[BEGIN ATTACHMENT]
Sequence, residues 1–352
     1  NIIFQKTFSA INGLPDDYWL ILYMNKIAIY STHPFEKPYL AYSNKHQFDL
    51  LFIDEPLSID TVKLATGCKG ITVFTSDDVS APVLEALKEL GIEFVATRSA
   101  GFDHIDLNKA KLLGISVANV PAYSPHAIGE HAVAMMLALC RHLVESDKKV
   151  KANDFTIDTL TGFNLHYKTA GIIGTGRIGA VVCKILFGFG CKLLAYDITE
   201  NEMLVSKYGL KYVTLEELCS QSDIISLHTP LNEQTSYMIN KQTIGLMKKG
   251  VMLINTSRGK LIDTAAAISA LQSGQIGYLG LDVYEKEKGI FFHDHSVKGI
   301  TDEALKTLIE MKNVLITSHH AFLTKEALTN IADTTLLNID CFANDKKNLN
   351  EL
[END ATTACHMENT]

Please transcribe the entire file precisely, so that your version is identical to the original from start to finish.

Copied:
Sequence, residues 1–352
     1  NIIFQKTFSA INGLPDDYWL ILYMNKIAIY STHPFEKPYL AYSNKHQFDL
    51  LFIDEPLSID TVKLATGCKG ITVFTSDDVS APVLEALKEL GIEFVATRSA
   101  GFDHIDLNKA KLLGISVANV PAYSPHAIGE HAVAMMLALC RHLVESDKKV
   151  KANDFTIDTL TGFNLHYKTA GIIGTGRIGA VVCKILFGFG CKLLAYDITE
   201  NEMLVSKYGL KYVTLEELCS QSDIISLHTP LNEQTSYMIN KQTIGLMKKG
   251  VMLINTSRGK LIDTAAAISA LQSGQIGYLG LDVYEKEKGI FFHDHSVKGI
   301  TDEALKTLIE MKNVLITSHH AFLTKEALTN IADTTLLNID CFANDKKNLN
   351  EL